She graduated in Law in the now extinct Faculdades Integradas de São Carlos [pt], an institution that was uncredentialed by the Ministery of Education (MEC) in 2011 and that is forbidden to make entrance exams since 2012.[6]

In São Carlos, she worked in the Municipal Secretary of Tourism,[7] acting in the old COMTUR (Municipal Commission of Tourism), during the government of the mayor Vadinho de Guzzi.[8] In 1999, shortly before obtaining her registration in the Advocates' Order of São Paulo (OAB-SP, a São Carlos subsection), she became junior parliamentarian auxiliary, in Brasília.[9][10]

She was a pastor of Foursquare Church[11] and also of the Baptist Church of Lagoinha,[11] in Belo Horizonte.[12]

She was coordinator of the educational project of Proteger Program,[citation needed] organization created by Guilherme Zanina Schelb, regional attorney of the Republic in the Federal District and member of the National Association of Evangelical Jurists (organization of which Damares was Director of Parliamentary Affairs[13]), known for defending the project nicknamed "Escola Sem Partido [pt], a project that promotes the plurality of ideas and points of view within public school classes.[14]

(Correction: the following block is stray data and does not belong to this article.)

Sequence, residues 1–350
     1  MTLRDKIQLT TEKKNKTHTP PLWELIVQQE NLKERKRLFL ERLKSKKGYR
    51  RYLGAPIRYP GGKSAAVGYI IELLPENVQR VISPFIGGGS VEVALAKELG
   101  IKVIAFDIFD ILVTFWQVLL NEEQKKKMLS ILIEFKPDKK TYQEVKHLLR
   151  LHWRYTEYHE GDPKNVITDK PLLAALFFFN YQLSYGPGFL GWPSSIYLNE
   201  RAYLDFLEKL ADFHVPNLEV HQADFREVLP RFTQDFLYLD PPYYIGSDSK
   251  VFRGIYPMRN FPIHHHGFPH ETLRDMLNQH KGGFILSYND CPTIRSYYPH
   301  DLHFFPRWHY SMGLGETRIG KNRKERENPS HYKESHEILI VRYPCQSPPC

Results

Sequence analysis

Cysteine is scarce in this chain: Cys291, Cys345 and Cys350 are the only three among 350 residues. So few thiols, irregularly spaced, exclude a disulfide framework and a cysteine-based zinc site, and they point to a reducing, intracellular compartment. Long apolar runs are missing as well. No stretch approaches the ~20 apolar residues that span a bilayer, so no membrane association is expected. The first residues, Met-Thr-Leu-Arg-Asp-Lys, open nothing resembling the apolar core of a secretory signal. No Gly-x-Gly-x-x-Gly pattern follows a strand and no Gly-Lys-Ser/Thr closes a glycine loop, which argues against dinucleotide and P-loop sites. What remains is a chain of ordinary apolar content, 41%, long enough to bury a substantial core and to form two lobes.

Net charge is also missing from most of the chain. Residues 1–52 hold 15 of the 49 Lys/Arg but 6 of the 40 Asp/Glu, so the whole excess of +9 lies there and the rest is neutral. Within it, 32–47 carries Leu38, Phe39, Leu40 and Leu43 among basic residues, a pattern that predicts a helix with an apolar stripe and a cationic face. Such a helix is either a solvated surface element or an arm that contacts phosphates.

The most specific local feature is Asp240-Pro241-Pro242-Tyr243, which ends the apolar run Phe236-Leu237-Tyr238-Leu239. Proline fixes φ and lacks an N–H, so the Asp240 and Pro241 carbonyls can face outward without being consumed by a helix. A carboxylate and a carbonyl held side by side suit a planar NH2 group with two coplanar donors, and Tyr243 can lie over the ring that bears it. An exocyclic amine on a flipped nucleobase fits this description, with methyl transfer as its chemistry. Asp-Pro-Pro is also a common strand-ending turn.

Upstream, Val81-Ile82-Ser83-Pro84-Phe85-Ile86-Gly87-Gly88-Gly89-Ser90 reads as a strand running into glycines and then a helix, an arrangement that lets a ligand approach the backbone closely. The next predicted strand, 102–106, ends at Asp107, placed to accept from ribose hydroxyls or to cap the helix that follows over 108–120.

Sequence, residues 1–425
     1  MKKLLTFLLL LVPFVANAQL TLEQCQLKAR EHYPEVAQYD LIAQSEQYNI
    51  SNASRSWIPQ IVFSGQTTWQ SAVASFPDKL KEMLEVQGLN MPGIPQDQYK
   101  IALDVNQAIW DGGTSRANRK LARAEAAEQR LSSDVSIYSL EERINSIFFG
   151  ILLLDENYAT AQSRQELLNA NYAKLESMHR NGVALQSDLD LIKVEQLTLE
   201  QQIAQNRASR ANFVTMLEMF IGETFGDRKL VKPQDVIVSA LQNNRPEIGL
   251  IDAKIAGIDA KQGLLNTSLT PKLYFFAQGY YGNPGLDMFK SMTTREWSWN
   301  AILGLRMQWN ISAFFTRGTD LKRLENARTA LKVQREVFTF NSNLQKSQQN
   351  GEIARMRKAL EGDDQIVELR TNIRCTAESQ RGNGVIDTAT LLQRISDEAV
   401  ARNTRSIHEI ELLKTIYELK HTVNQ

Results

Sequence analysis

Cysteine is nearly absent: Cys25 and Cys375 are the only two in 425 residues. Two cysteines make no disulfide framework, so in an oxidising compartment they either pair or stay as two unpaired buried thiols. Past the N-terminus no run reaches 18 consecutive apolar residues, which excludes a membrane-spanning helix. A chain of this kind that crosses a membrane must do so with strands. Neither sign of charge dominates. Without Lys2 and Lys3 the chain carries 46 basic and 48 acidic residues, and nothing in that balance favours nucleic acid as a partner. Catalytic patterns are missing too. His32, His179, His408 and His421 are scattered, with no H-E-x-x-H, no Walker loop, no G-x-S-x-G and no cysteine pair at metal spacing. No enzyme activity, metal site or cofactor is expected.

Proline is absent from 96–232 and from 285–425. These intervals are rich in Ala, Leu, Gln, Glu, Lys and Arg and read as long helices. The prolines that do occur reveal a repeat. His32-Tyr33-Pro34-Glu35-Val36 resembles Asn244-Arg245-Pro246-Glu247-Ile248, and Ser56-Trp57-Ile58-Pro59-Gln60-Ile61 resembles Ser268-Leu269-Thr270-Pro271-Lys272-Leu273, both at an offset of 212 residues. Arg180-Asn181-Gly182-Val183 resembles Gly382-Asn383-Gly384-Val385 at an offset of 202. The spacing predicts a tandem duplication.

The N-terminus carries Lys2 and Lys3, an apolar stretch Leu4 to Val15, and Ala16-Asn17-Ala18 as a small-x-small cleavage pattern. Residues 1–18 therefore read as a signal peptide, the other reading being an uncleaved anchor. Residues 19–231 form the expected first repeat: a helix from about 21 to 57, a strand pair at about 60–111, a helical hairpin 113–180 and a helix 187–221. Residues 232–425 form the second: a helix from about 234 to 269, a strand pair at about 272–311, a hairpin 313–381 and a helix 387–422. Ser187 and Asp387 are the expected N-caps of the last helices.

In 1999, Damares moved to Brasília to work as a parliamentary assistant in the office of deputy Joshua Bengtson (PTB-PA), also pastor of the Church of the Foursquare Gospel.[11] She also worked for federal deputy Arolde de Oliveira (PSD), a senator elected by Rio de Janeiro in 2018, and whose success at the polls in October was due, in large part, to the support of the so-called "Bolsonaro clan."[15] She also served as a parliamentary auxiliary in Senator Magno Malta's office,[16][17] prior to the bond with the senator in favor of the Espírito Santo state. He was chief of cabinet of another exponent of the neopentecostal bench in the Chamber of Deputies, the federal deputy Goiano {João Campos de Araújo (PRB).[18]